Lamar, a darker skinned brother with natural hair and an image that America for years rejected, possibly due to the “Field Nigga” label seems to be widely accepted by many and renowned as a gifted lyricist who’s has appeared on late night television, is referenced in pop culture and even embraced in politics. (Yet there are still so many barriers to break). During slavery dark-skinned blacks spent long , hot days in cotton and tobacco fields doing harsh labor that often resulted in harsh punishment if the results were considered sub-par. It meant not being good enough or close enough to white and in the minds of many, it still does. The shades of darkness are true confirmation that darker individuals are farther away from privilege and closer to jail sentences along with not being viewed as societally acceptable. (It shouldn’t be this way. All of us possess beauty and the blacker the berry…). It’s messed up because this is much deeper and also is perpetuated in our own community where people shy away from spending too much time in the sun in fear of being black, hold their light skin relatives to higher esteems and say things like “ She’s pretty for a dark-skinned girl) (Ignorance is a weapon that kills our chance to exist) The fear that arises in people when they see a black man who is unquestionably black is alarming. For in him, they can’t find a hint of themselves. As beautiful, gifted and essential to music and the world as Lamar and so many other dark-skinned brothers are, there worth and value should never be questioned. You can’t find a hint of anything else in them, but Lamar’s work and artistic ability can’t be ignored, nor can his message. He has been invited into the homes of many, breaking paradigms and eliminating some of the boundaries that “Light skin is in” and forcing us to embrace a more emcopassing and broader understanding for color, race, ethnicity and other identities.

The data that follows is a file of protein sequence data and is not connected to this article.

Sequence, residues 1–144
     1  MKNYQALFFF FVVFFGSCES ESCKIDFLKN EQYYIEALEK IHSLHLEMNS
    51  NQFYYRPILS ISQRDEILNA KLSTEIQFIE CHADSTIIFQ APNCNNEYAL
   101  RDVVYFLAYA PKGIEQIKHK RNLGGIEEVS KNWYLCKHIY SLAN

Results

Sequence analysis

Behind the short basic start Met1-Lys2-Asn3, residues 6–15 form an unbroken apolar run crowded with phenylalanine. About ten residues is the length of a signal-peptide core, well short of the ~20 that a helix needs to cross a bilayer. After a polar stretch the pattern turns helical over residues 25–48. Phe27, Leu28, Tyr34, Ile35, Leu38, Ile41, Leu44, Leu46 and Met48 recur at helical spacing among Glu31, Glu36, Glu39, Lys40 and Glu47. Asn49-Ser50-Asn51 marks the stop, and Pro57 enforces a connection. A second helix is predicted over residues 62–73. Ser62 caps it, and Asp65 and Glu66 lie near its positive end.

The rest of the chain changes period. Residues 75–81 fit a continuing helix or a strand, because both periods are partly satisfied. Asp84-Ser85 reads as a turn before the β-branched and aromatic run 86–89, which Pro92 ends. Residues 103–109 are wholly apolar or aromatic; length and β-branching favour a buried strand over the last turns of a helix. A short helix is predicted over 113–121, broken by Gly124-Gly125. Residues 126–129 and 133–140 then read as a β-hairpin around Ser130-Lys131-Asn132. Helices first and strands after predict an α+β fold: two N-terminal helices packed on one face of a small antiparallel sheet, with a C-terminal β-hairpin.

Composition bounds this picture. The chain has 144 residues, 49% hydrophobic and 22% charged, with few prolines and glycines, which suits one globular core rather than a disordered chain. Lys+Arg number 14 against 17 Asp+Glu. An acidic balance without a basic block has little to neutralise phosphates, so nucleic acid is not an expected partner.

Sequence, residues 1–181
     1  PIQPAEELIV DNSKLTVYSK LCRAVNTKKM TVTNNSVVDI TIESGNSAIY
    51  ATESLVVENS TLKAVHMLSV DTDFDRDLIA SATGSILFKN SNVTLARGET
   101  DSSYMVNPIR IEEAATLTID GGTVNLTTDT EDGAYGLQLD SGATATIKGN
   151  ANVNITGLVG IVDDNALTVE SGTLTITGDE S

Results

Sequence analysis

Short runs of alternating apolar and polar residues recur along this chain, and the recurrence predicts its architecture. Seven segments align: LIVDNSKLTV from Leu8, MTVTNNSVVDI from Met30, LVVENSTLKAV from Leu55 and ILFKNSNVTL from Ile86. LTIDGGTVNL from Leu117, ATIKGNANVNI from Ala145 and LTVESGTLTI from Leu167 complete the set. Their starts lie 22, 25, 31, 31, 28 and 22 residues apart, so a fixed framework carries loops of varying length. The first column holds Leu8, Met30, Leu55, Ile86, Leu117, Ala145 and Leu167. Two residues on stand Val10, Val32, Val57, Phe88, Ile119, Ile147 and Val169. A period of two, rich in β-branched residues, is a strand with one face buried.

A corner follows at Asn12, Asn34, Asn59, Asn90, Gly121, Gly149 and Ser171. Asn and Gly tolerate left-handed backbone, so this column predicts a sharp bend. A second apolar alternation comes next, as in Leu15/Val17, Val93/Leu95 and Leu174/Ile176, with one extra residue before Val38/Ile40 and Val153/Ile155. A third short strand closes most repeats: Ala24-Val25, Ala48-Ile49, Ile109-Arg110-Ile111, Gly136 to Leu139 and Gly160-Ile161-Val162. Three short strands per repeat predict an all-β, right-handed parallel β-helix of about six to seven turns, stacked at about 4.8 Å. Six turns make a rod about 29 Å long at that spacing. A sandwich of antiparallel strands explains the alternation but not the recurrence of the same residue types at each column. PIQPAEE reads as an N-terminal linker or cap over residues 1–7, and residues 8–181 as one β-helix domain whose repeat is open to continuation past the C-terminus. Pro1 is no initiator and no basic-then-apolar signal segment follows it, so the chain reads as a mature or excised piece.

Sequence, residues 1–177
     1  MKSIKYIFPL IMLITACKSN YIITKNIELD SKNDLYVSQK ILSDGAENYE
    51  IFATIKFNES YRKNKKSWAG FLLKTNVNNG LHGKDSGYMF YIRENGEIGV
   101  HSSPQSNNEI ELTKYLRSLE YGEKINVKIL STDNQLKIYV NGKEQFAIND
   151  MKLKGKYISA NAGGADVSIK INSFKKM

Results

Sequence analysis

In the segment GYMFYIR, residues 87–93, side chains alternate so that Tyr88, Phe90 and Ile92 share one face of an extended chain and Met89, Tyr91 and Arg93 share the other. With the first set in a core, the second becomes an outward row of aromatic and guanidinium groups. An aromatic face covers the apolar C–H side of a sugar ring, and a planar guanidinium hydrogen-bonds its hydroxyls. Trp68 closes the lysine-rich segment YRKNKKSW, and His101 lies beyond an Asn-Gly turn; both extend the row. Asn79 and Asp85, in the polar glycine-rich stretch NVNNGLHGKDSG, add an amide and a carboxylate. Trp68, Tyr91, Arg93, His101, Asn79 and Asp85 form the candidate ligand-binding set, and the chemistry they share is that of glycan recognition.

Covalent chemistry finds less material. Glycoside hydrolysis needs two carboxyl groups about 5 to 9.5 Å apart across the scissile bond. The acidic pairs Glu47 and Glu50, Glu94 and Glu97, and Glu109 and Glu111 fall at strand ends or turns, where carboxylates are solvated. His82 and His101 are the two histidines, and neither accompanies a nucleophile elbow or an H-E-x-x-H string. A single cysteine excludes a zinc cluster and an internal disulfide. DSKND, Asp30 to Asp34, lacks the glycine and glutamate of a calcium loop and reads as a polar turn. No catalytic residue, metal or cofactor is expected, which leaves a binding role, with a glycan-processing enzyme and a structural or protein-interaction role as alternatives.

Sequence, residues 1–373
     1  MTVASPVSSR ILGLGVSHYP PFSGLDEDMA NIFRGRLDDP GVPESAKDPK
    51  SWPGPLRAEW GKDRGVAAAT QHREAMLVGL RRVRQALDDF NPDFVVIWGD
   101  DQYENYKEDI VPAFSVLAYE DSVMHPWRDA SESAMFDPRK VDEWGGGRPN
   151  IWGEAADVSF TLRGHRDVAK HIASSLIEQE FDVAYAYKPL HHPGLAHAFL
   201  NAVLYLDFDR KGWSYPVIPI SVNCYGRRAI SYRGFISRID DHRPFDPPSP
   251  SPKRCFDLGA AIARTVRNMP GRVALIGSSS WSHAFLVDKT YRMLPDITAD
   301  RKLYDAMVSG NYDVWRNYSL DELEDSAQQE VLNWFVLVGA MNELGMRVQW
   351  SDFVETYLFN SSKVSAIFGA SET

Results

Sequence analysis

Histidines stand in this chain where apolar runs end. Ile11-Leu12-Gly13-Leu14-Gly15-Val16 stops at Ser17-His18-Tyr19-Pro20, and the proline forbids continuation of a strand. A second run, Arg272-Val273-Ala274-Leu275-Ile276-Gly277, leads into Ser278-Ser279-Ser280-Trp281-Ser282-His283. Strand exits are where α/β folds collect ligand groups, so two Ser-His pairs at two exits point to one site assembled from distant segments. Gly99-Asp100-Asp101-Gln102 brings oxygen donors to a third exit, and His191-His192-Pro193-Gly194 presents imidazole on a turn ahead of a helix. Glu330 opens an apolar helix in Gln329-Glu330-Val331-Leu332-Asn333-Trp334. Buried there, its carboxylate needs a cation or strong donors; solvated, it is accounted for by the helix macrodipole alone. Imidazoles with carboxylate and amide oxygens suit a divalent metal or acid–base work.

Maybe his experiences as a dark-skinned black man make him go that much harder over beats and also shape his experiences and perspective in a world where being black can often mean being shot for no reason, lesser pay on a job, being imitated with no credit, real-estate discrimination, higher incarnation rates and other injustices in institutional systems like schools and workplaces.